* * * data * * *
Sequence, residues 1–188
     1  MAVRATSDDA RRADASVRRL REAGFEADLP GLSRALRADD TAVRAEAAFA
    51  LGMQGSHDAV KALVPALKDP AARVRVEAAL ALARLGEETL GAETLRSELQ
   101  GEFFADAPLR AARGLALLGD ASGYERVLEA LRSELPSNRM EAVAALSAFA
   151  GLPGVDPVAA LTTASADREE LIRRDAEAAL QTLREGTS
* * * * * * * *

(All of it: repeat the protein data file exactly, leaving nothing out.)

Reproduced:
Sequence, residues 1–188
     1  MAVRATSDDA RRADASVRRL REAGFEADLP GLSRALRADD TAVRAEAAFA
    51  LGMQGSHDAV KALVPALKDP AARVRVEAAL ALARLGEETL GAETLRSELQ
   101  GEFFADAPLR AARGLALLGD ASGYERVLEA LRSELPSNRM EAVAALSAFA
   151  GLPGVDPVAA LTTASADREE LIRRDAEAAL QTLREGTS